August 5th, 2007
AMC Uses Nostalgia to Draw Marketers
By Laura Petrecca
Cable network AMC’s new TV series about 1960s Madison Avenue is successfully using a time-honored ad tactic to woo viewers and advertisers: nostalgia.
Mad Men, AMC’s first original series, began July 19 and tells the tales of the ruthless, promiscuous employees of a fictional New York City ad agency.
AMC’s efforts to evoke advertising’s “good old days” for ad buyers and viewers include:
•Sixties swag. Among promotional gifts for potential ad buyers is one touting the era of three-martini lunches. Oversized “lunch boxes” hold three martini glasses and swizzle sticks that tout Mad Men as a “stirring new drama.”
•Trivia teasers. Relevant historical trivia is inserted into the hour-long show’s two four-minute ad breaks to hold viewers’ interest. For example: “First cruise line to advertise on network TV: Carnival,” and then a Carnival ad follows.
“If you’re viewing on a DVR, you’re going to stop and check it out, rather than (fast-forward) through the advertising,” says Charlie Collier, AMC’s general manager.
•Your period product here. Show sponsor Jack Daniel’s also has been integrated into the storyline. For instance, characters will order the brand by name, and bottles are among the props on the set.
AMC is open to more such placements if the tie-in is “authentic,” says Collier. “It has to be something that was around in the ‘60s and that the producers would find comfortable in the show.”
•Ad “legends.” Starting with Thursday’s new episode (10 p.m. ET), 30-second videos with industry “legends” will be sandwiched into ad breaks.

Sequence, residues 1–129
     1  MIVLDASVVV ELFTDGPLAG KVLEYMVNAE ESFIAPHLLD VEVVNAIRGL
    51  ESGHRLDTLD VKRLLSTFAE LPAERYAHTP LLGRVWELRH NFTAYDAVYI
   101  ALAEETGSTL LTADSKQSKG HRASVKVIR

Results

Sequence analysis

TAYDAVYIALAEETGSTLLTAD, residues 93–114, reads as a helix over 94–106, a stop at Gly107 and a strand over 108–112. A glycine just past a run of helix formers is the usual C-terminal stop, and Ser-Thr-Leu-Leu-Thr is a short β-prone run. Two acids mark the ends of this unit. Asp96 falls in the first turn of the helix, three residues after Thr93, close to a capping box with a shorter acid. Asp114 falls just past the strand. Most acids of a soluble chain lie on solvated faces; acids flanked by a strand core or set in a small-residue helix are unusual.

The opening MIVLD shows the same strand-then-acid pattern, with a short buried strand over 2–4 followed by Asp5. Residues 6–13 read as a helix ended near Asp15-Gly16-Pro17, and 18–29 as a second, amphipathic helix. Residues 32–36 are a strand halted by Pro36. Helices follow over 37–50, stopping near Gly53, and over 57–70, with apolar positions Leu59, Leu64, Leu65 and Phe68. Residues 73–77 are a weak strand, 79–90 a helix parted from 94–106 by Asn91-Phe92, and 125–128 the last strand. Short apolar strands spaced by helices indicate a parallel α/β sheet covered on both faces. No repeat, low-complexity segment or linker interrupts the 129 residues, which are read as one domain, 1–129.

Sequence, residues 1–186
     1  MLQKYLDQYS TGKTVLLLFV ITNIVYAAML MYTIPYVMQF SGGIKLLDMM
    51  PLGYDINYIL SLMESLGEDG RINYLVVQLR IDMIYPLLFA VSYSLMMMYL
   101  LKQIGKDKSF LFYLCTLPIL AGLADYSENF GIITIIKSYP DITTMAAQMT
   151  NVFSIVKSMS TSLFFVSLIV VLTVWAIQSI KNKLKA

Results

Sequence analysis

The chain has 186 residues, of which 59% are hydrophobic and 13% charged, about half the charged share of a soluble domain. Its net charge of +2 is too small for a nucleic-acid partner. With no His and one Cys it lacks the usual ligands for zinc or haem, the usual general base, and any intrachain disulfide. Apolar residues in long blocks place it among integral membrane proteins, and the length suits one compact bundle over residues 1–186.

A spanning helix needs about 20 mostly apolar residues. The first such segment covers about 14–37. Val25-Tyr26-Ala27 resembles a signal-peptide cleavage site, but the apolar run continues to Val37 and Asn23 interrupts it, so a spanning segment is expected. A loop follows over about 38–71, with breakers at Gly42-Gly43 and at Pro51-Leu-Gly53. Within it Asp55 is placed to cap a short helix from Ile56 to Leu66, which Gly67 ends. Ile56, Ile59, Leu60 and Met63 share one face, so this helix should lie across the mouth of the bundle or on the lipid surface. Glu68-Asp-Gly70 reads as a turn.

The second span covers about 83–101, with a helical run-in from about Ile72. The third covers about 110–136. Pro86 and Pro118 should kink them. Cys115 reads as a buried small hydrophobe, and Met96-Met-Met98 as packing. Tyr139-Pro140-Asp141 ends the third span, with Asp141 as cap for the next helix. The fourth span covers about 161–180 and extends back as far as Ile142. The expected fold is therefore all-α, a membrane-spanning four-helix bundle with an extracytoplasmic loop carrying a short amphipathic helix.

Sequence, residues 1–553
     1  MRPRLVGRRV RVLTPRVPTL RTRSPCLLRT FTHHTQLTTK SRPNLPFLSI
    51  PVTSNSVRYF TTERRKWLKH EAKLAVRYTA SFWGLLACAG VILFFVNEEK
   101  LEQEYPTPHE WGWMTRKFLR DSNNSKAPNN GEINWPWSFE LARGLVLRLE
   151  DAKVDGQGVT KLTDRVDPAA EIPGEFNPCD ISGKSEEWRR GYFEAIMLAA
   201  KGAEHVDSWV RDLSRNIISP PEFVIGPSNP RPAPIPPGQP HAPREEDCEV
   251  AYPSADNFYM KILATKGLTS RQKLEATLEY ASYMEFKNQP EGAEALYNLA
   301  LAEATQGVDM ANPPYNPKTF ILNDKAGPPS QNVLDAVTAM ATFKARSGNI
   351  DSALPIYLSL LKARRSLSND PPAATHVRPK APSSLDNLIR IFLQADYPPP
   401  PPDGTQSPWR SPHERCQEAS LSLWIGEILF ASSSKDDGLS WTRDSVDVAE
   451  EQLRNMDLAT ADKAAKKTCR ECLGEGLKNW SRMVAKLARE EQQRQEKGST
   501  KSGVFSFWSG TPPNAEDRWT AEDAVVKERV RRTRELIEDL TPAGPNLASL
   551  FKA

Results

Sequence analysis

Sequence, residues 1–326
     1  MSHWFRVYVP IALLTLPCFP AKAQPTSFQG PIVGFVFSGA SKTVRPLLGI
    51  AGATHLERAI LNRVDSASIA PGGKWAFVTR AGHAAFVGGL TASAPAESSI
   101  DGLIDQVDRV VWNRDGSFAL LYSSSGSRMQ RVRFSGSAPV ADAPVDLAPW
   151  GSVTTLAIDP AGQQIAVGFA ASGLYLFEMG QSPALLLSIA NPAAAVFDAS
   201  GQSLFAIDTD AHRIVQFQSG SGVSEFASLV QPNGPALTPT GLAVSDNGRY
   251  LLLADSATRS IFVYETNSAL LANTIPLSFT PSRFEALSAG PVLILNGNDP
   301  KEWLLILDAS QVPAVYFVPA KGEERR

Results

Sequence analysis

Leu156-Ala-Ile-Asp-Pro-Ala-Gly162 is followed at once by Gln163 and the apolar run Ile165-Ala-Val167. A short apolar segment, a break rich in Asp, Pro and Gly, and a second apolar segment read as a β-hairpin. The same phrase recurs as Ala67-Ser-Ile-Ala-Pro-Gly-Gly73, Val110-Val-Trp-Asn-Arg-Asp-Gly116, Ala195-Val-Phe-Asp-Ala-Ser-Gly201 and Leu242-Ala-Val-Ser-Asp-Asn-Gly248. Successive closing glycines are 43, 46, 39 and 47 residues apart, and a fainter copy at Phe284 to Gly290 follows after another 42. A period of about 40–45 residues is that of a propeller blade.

The first features Jerry Della Femina, CEO of agency Della Femina Rothschild Jeary and Partners, who broke into advertising in 1961. Della Femina — named one of the most influential ad people in the 20th century by trade magazine Advertising Age— tells of feeling like “a star” on commercial shoots.
Upcoming vignettes include Martin Puris, who helped position BMW as “The Ultimate Driving Machine,” and George Lois, who created the “I Want My MTV” campaign. The clips urge viewers — and potential Mad Men advertisers — to go to amctv.com to learn more about the “legends” and the show.
AMC has a lot riding on Mad Men. Started as American Movie Classics in 1984, it renamed itself AMC in 2001 and began expanding its programming, most recently with original shows.
Last year, it aired a two-part TV Western called Broken Trail. In 2008, it will air its second series, Breaking Bad, about a chemistry teacher who becomes a drug kingpin.
Original shows cost more but can get a lot more viewers, and higher ad prices, than movie reruns. Mad Men’s premiere had a 1.4 rating (about 1.2 million homes), according to Nielsen Media Research. That’s 75% higher than AMC’s typical Thursday night.
Changing AMC’s classic movie identity will be tough, says John Moore, director of ideas and innovation for Mullen ad-buying unit MediaHub. “When you do such a good job branding yourself as one thing, sometimes it’s difficult to evolve from that.”
Yet, AMC has made progress, he says. Broken Trail has 16 Emmy nominations this year. Mad Men has gotten good buzz from critics and is drawing viewers.
Mad Men also has strong genes, says Moore. It was created and written by Matthew Weiner, executive producer of The Sopranos, a connection AMC strongly touts in promotions.
Even with all the show’s historical touches — and meticulous accuracy in sets and props — one of the upcoming “ad legends” says Mad Men misses the essence of 1960s Madison Avenue.
Lois, who has seen only the premiere, says it focused too much on the stereotype of drinking, philandering ad executives and not enough on the groundbreaking creativity of the period.
“It was infuriating to watch,” he says. “I just sat there and said, ‘What a lost opportunity.’ “
AMC says it still plans to run his vignette.